Chuck Lanza's Tropical Cyclone Briefing Page

May 29, 2016: 0800

Tropical Storm Bonnie

Briefing #6

For all of us in South Florida, Bonnie has never been a threat.  The last several briefings helped to work out bugs in my briefing development process.  I appreciate your understanding and staying with me on the list.  This will be the last briefing for this storm.  Within a few days I will send out a survey for your input on how to improve the content and timeliness of the briefing.  Thank you.  Chuck

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Based on NHC Advisory #7
Tropical Storm Bonnie has weakened over the evening with sustained winds near 40 MPH.  The storms is moving north and is expected to move near the coast in the warning area later today. By tonight, Bonnie is expected to begin a more northeast track.  Tropical Storm force winds extend outward 45 miles mostly to the northwest of the center.  


Bonnie is expected to produce total rainfall accumulations of 2 to 4 inches with isolated maximum amounts of 6 inches from central and eastern South Carolina to the Georgia border, and 1 to 3 inches farther north across southeastern North Carolina. Heavy rain is expected to develop well north of Bonnie's main circulation into parts of the Mid-Atlantic region and the Northeast with total accumulations of 1 to 2 inches through Monday and isolated maximum amounts of 4 inches.



Wind gusts to near tropical-storm force are possible along the south-central coast of South Carolina today.



Storm surge inundation of 1 to 2 feet above ground level is possible along portions of the south-central coast of South Carolina today.



Bonnie is expected to produce dangerous surf and rip current conditions along portions of the southeastern United States coast through the weekend. Please consult products from your local weather office.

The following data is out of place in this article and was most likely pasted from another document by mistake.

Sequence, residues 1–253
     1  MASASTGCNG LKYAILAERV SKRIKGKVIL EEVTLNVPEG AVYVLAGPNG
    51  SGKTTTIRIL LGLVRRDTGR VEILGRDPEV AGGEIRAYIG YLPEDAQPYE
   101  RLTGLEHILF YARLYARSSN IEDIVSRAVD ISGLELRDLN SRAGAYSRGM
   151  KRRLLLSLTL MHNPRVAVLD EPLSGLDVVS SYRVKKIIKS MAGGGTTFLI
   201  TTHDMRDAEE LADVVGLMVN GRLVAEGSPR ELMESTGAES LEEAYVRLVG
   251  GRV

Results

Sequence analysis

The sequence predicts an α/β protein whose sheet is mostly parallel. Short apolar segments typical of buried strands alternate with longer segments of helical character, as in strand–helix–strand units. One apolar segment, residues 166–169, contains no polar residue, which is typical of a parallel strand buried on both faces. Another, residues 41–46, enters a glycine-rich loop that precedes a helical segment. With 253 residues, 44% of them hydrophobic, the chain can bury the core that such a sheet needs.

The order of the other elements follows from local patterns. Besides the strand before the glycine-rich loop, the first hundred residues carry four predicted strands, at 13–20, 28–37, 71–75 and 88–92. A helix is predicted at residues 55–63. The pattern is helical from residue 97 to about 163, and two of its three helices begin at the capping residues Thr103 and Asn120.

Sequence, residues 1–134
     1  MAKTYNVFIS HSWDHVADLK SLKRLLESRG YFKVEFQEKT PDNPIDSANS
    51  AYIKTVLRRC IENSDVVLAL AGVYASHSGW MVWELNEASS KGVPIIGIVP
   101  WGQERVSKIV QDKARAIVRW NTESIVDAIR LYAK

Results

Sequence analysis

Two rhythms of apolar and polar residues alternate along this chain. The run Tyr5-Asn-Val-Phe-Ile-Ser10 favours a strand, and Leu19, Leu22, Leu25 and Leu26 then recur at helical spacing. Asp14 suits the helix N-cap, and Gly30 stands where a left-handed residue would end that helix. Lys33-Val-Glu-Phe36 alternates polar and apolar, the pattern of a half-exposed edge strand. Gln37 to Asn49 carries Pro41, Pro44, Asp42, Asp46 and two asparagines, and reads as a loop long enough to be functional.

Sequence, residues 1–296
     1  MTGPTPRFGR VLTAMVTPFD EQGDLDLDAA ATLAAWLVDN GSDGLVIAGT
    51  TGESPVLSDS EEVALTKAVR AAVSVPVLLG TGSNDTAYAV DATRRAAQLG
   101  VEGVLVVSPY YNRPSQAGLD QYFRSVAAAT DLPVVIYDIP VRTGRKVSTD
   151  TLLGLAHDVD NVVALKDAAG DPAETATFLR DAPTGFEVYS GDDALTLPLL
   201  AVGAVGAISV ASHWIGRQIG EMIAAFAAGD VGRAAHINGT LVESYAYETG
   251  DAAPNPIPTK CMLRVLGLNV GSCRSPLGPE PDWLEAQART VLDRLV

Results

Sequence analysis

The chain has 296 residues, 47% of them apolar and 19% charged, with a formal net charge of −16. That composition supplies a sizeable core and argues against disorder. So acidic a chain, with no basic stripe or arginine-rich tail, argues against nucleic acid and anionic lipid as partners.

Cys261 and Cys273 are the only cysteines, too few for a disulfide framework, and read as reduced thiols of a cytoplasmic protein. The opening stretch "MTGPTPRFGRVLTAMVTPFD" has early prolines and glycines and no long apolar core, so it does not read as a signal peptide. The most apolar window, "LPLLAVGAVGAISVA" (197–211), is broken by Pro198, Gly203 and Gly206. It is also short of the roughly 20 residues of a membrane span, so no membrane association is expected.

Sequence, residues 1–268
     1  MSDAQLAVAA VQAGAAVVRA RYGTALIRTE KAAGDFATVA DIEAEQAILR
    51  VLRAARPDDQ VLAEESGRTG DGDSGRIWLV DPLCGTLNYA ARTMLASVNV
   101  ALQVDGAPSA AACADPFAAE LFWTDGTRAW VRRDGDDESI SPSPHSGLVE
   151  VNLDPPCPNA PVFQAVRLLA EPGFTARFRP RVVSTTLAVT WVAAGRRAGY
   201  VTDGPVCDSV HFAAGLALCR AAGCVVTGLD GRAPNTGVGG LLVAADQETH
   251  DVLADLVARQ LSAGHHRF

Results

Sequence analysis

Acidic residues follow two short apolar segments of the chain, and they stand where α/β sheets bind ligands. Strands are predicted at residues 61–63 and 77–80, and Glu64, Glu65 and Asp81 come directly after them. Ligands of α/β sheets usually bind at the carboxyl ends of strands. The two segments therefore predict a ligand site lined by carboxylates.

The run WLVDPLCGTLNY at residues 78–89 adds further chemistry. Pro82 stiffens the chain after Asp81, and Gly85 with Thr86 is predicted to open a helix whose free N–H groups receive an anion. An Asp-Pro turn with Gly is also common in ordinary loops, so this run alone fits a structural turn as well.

My Thoughts

Although the storm may not have reached its maximum potential, the threats related and listed above are certainly possible and precautions must be taken. Localized flooding is a certainty. Residents need to avoid  areas where they cannot see the roadways and other indicators to keep from straying into other hazards.  Downed power lines are always a threat especially when coupled with standing water.  Stay out of the water.   

Protective Action Recommendations

Preparedness activities should have been completed. People living in areas that flood during rain storms should take actions to lessen the damage caused by flooding.  Areas outside, but close to the current track, should assume rainfall will increase and be aware of the consequences of not taking protective actions.  Coastal residents should be aware  of the threats and should follow orders from local officials.  

Chuck Lanza

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Disclaimer:  This site, and the information included, were developed using my best understanding of the material presented by the National Hurricane Center (NHC), the National Weather Service (NWS) and other sites and persons whom may have information related to this event.  This site is provided as a free service to my friends and colleagues.  It should be used as a supplement, not as the primary source, for information available from governmental organizations responsible for weather and emergency management.  Your suggestions and recommendations on how to make this site more user friending and beneficial, please contact me at  Thank you.​

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